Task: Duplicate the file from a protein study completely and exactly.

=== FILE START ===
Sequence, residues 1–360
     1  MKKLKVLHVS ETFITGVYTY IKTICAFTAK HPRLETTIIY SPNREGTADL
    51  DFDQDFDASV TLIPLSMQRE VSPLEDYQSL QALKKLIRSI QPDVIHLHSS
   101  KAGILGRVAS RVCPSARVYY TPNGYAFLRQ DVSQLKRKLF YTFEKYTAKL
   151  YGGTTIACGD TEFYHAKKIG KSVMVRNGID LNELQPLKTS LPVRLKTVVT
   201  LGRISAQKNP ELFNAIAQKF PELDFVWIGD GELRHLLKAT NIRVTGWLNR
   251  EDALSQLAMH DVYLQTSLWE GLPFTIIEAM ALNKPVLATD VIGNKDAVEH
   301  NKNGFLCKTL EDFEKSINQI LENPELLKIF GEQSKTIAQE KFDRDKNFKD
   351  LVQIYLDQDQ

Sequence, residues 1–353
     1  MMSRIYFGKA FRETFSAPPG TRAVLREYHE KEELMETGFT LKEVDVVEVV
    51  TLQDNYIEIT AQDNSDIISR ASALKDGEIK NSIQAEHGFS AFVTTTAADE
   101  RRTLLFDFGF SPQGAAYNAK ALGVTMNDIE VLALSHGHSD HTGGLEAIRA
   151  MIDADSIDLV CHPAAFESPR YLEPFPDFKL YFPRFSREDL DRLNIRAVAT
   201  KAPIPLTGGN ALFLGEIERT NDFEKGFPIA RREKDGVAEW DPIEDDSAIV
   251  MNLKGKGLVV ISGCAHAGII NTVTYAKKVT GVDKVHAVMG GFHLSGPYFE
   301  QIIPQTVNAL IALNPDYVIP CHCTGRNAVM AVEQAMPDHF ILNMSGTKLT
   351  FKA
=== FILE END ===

Sequence, residues 1–360
     1  MKKLKVLHVS ETFITGVYTY IKTICAFTAK HPRLETTIIY SPNREGTADL
    51  DFDQDFDASV TLIPLSMQRE VSPLEDYQSL QALKKLIRSI QPDVIHLHSS
   101  KAGILGRVAS RVCPSARVYY TPNGYAFLRQ DVSQLKRKLF YTFEKYTAKL
   151  YGGTTIACGD TEFYHAKKIG KSVMVRNGID LNELQPLKTS LPVRLKTVVT
   201  LGRISAQKNP ELFNAIAQKF PELDFVWIGD GELRHLLKAT NIRVTGWLNR
   251  EDALSQLAMH DVYLQTSLWE GLPFTIIEAM ALNKPVLATD VIGNKDAVEH
   301  NKNGFLCKTL EDFEKSINQI LENPELLKIF GEQSKTIAQE KFDRDKNFKD
   351  LVQIYLDQDQ

Sequence, residues 1–353
     1  MMSRIYFGKA FRETFSAPPG TRAVLREYHE KEELMETGFT LKEVDVVEVV
    51  TLQDNYIEIT AQDNSDIISR ASALKDGEIK NSIQAEHGFS AFVTTTAADE
   101  RRTLLFDFGF SPQGAAYNAK ALGVTMNDIE VLALSHGHSD HTGGLEAIRA
   151  MIDADSIDLV CHPAAFESPR YLEPFPDFKL YFPRFSREDL DRLNIRAVAT
   201  KAPIPLTGGN ALFLGEIERT NDFEKGFPIA RREKDGVAEW DPIEDDSAIV
   251  MNLKGKGLVV ISGCAHAGII NTVTYAKKVT GVDKVHAVMG GFHLSGPYFE
   301  QIIPQTVNAL IALNPDYVIP CHCTGRNAVM AVEQAMPDHF ILNMSGTKLT
   351  FKA